The reincarnation of Bell Labs by Chris Matthews

Meet Match-Click, the company that wants to take on LinkedIn by Entrepreneur

A new way to fly cross-country in luxury class by Ben Geier

7 ways to retrain your brain so you are more productive by Laura Vanderkam

The cold, hard truth about autonomous vehicles and weather by Doron Levin


What’s this? Controversial Chinese solar entrepreneur Li Hejun is now worth more money than e-commerce tycoon Jack Ma. Actually, the Alibaba Group founder isn’t even the second richest billionaire in China. That would be real estate magnate Wang Jianlin.


IBM Interconnect: Cloud and mobile strategy. (Feb. 22 – 26; Las Vegas)

Gartner CIO Leadership Forum: Digital business strategy. (March 1 – 3; Phoenix)

Microsoft Convergence: Dynamics solutions. (March 16 – 19; Atlanta)

IDC Directions 2015: Innovation in the 3rd Platform era. (March 18; Boston)

Cisco Leadership Council: CIO-CEO thought leadership. (March 18 - 20; Kiawah Island, South Carolina)

Gartner Business Intelligence & Analytics Summit: Crossing the divide. (March 30 – April 1; Las Vegas)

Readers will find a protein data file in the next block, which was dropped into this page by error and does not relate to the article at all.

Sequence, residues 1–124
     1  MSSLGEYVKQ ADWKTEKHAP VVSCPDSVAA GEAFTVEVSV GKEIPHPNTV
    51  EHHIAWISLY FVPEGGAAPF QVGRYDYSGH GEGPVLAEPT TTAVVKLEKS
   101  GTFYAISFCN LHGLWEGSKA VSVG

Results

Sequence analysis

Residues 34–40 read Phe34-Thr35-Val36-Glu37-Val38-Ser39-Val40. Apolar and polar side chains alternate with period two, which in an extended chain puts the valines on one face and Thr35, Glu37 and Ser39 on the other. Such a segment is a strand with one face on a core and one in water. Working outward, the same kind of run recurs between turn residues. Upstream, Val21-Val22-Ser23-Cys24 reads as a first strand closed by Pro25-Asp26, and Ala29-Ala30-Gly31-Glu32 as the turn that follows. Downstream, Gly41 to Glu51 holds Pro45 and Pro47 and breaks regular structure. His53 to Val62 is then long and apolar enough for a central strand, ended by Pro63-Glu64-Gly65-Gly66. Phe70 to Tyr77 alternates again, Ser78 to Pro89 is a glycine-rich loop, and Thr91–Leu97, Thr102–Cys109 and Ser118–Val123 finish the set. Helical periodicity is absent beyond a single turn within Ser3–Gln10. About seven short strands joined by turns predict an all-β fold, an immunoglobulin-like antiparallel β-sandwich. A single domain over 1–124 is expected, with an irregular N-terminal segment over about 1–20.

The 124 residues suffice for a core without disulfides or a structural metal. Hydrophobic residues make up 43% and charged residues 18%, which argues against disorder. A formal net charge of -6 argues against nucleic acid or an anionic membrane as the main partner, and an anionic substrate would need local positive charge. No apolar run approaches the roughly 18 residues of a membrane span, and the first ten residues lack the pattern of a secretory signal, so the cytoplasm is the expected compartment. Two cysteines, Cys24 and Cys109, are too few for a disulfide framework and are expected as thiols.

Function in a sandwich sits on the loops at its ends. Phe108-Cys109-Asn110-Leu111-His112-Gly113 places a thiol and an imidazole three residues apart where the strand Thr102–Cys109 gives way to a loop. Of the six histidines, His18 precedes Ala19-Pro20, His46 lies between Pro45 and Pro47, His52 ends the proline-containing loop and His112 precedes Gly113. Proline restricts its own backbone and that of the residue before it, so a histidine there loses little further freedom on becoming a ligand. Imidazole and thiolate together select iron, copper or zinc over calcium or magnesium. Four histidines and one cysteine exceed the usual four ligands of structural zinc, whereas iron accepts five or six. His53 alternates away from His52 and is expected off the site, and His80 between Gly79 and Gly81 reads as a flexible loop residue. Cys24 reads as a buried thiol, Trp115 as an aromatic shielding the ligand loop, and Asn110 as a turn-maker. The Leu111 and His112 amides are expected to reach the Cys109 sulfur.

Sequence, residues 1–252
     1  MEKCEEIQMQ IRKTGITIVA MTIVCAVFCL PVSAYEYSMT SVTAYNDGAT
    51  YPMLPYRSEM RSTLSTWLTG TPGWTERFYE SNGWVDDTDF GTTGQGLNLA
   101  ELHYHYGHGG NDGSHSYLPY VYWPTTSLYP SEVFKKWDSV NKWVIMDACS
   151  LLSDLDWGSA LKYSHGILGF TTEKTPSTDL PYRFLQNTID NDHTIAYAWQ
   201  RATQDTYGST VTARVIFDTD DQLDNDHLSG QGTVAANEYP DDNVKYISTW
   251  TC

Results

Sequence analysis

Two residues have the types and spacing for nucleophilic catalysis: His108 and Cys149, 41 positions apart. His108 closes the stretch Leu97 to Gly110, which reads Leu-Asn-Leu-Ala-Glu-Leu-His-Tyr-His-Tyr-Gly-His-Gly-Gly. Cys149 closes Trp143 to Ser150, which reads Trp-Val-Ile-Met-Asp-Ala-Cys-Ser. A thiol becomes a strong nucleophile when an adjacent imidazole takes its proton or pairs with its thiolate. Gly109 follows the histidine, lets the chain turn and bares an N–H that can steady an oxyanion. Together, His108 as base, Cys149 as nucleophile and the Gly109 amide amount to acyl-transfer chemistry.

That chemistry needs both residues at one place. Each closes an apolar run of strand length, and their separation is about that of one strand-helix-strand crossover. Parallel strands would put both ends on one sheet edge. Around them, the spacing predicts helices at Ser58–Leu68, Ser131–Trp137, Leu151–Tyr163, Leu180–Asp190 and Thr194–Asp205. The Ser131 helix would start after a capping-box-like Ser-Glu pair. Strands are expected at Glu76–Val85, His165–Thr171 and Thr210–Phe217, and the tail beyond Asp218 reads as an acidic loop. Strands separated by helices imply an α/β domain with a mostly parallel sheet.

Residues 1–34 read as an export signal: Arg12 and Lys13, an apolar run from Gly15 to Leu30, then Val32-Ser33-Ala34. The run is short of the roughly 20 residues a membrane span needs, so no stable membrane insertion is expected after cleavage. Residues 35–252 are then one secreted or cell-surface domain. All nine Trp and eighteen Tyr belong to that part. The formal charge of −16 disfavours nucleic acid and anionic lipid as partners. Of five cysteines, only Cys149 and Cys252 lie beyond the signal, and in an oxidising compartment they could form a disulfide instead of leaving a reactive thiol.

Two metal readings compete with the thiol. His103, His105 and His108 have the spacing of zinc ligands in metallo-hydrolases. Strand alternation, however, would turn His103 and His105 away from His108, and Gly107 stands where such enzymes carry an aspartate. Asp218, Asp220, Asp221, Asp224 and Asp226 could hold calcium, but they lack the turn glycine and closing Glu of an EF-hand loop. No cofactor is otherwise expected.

Knowledge15: Automate IT services. (April 19 – 24; Las Vegas)

RSA Conference: The world talks security. (April 20 – 24; San Francisco)

Forrester’s Forum for Technology Leaders: Win in the age of the customer. (April 27 - 28; Orlando, Fla.)

MicrosoftIgnite: Business tech extravaganza. (May 4 – 8; Chicago)

NetSuite SuiteWorld: Cloud ERP strategy. (May 4 – 7; San Jose, California)

EMC World: Data strategy. (May 4 - 7; Las Vegas)

SAPPHIRE NOW: The SAP universe. (May 5 – 7; Orlando, Florida)

Gartner Digital Marketing Conference: Reach your destination faster. (May 5 – 7; San Diego)

Annual Global Technology, Media and Telecom Conference: JP Morgan’s 43rd invite-only event. (May 18 - 20; Boston)

HP Discover: Trends and technologies. (June 2 - 4; Las Vegas)